Defining my legacy is not fun. It’s not like a life list where you spell out concrete things you want to accomplish – write a book, visit Spain, learn a foreign language, etc. Concrete – easy. Emotion-y, heart stuff – a bit tougher (surprising for me seeing as in all else in life it’s the other way around).
Like my original inspiration suggested, I started at the end. But not my end but the inevitable. One day I will be widowed of my parents (why isn’t there a word for that? like those espoused are the only ones who deserve a word for when death parts them..hmph…); what legacy will they have left me with? This is what I know ~
*Original image by Adreanna Moya Photography via Flikr.
~I know my childhood was filled with magic…magic sprinkled throughout my days and into my soul. I’m a believer because of it. Whether it was the lighting of a candle or the whispered mumble of a healing prayer when I was sick or a shower of holy water and flower petals – my parents believe; they have faith. They have respect for the unseen.
~I know each moment is what I make it. No matter the situation, my attitude, my approach sets the tone. Bankruptcy, death, closing a business, retirement, sending a child away to school, losing a child – realities of my grandpa’s life but the man won’t be defeated. This life is a blessing; there’s no time for moping, grab the reigns. As Tim Gunn would say, “Make it work.”
~I know there is always a place to call home. My family is not the most affectionate or the most outwardly emotional. The year I left for college, my grandfather took me aside and told me no matter what, I could always come home (hug, pat on the back, no tears) but it is a memory that’s wrapped itself around my heart. I realized then he’d been busy being a parent all those years and was then ready to be my friend. Home is where your heart has it’s roots; my heart, my roots are of him.
~I know my family planted seeds of confidence and resilience and pride and a sense of self. I can’t pinpoint how exactly they did it but it’s this shield of armor I’ve got. It can’t be torn down. It can’t be broken. Sometimes I quiver a little but only for a blink just to emerge better, stronger, clearer. It’s what I’m most grateful for.
I hold these lessons, these memories dear. They’re what I’m made of.
What memories and feelings do I want to leave in the hearts of my children, with their senses, for their children and their children?
~I want to leave the sound of pages in books, moments reading on my lap, memories of roaming aisles upon aisles of books, a big giant soft spot for words and writing and learning.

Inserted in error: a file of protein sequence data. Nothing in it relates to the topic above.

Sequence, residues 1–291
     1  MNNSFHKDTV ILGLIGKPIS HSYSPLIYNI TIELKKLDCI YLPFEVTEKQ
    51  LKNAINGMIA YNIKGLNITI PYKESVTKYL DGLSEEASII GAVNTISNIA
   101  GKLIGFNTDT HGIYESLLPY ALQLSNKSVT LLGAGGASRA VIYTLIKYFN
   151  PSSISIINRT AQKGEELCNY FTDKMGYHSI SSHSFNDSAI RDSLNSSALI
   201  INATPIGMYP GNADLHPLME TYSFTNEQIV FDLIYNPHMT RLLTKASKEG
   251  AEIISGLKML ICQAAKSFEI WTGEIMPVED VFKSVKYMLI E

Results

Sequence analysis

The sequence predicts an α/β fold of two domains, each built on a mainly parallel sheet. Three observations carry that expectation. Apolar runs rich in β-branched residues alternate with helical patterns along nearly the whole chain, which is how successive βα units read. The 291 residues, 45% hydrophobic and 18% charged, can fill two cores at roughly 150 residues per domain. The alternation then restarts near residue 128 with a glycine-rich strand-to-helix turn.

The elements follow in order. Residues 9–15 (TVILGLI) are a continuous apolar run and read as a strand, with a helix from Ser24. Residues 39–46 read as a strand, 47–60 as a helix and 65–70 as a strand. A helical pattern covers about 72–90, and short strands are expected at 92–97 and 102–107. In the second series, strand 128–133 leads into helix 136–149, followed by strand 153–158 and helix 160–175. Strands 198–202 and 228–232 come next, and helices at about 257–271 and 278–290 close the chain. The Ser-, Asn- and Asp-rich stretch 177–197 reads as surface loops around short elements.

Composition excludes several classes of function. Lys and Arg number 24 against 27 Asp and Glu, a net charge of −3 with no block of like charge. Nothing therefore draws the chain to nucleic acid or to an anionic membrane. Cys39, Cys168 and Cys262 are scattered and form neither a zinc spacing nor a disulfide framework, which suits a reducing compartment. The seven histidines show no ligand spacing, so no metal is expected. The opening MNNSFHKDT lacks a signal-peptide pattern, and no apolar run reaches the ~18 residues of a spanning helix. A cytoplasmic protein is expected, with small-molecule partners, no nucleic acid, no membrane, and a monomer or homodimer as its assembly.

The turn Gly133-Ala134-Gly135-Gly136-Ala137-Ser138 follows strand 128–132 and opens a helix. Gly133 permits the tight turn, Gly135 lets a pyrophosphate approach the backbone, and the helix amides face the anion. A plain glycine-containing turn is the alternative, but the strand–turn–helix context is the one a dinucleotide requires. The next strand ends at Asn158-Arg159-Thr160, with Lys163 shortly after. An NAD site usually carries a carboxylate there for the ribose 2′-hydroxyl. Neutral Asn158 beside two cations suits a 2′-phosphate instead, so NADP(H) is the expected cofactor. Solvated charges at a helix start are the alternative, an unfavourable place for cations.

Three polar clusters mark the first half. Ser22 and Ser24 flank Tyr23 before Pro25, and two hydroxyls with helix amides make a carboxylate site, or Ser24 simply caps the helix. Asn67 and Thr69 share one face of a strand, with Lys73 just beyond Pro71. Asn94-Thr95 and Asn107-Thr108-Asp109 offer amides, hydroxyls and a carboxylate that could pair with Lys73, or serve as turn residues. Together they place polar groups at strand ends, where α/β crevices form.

~I want to leave a deep lovelustparty for being a woman, the unmistakable scent of vanilla and sweets and blackberry and sun and sea, mascara and blow drying lessons, a heart to embrace the world, a mother’s love, ball gown nights and flip flop days.
~I want to leave a feeling of having been heard, listened to, seen.
~I want to leave the taste of a healing kitchen, of sweets that cured heartbreak, of teas and breads and cookies and pies that mend, of deliciousness that makes you float.
~I want to leave confidence and an inner compass and a knowing of oneself, curiosity about oneself, a belief in oneself, trust in oneself, a head held high with a steady, fierce gaze.
~I want to leave possibility, dream it then do it then live it, start again.
~I want to leave a generous heart, giving, sharing, appreciating, enriching.
~I want to leave a little magic, oils and candles and rituals and little prayers.
It’s overwhelming. Pondering these things and writing them down and especially reading them aloud. Then thinking of instilling in them all I’ve been gifted with from my own family. Whoa, the responsibility. Whoa. But…
It’s about defining and doing, everyday, little by little.
When you do something like this, it puts you face to face with the best and worst parts of yourself and the parts of yourself you’re still creating. I came face to face with the fact I don’t want my daughters to think of me and say, “She was bossy and loved being in control. No fun.” Not the warm and fuzzy I want to leave behind. I also don’t want them to say, “If only she’d done the things she dreamed of.” Um, no. Not it.
I also realize I have to let go of the things I will never be. My husband is silly and goofy and slapstick funny. I am none of those things…no, really, not a drop of silly, goofy, slapstickiness in me. Outdoorsy, camping lady? Yeeeeeeeeeeeeeeeeeeeeeeeeeeeah right. Never. These are things not in my make up; I can’t fake them. I’m open to them but it’s not ever, ever, ever going to be my thang.
*Image by Andreanna Moya Photogrphy via Flikr.
That’s what I’d call these kinds of exercises – life listing, legacy -ing, life manifesto-ing. Direction-ifying, yes? Yessir.